4 – He Had Numerous Wives
It wasn’t unusual to have more than one wife in Ancient Rome, but as he did with so many things in his life, Mark Antony overdid it. Most sources suggest he married four times but there might have been a fifth wife. In the Philippics, Cicero suggests that Antony married a woman called Fadia who was the daughter of a wealthy freedman. There is doubt over this union since Antony was a member of the Plebeian nobility and as such would be considered as marrying beneath himself. If he did marry Fadia, it would have been to help manage his considerable debt. According to Cicero, Fadia and all her children died by 44 BC.
His first official wife was his cousin Antonia. It was a move designed to help with his career, and they were apparently married in 55 BC. They had one daughter together and divorced in 47 BC after he accused her of adultery with Dolabella, Cicero’s son-in-law. Antony clearly enjoyed marriage because Fulvia became his next wife within a year of his divorce.
Fulvia was twice divorced before her latest marriage (both men were friends of Antony) and became a major influence on his political decisions. When Antony was in Egypt cavorting with Cleopatra, Fulvia conspired with his brother, Lucius Antonius, against Octavian. Although he denied knowledge of the incident, sources suggest he knew of the plan only to repudiate it later on. She met Antony in Athens but his anger over her conduct caused her to become grief-stricken, and this was apparently a major factor in her death.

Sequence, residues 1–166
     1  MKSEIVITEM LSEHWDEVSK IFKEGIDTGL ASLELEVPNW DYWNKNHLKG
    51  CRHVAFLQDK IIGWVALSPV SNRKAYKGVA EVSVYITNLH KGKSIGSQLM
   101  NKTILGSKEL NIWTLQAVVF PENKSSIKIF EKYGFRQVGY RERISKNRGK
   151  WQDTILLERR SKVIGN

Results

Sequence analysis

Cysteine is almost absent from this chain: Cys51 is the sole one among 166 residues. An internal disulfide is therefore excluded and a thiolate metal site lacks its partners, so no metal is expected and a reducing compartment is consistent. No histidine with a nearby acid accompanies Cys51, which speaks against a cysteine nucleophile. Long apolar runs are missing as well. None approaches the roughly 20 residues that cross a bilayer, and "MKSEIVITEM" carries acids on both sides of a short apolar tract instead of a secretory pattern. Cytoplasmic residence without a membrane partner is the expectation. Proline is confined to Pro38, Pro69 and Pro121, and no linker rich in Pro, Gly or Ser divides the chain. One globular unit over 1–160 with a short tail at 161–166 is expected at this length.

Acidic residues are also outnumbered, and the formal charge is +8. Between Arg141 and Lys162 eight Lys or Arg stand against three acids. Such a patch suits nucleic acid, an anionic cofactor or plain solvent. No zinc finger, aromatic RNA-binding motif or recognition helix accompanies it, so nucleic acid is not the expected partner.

Whether he would admit it or not, Fulvia’s death in 40 BC came at an ideal time for Antony as it enabled him to marry Octavia, sister of Octavian, as part of reconciliation between the two men. They married in the same year Fulvia died, and Octavia bore him a daughter soon after. Octavia acted as peacemaker between her husband and brother and remained in Rome to look after his kids when he fought against the Parthians. Although they didn’t see each other again, they stayed married for another five years until 32 BC when Antony and Octavian were at war.
Cleopatra was his final wife, and he acknowledged the fact in 36 BC. As she was a foreigner and Antony was still married to Octavia, his marriage to the Egyptian queen remained unrecognized in Rome. He probably married Cleopatra to benefit from her vast wealth; Octavian didn’t provide him with the troops and resources he needed for his campaign in Parthia, so he looked elsewhere. They had three children together and remained married until his suicide after defeat at the Battle of Actium.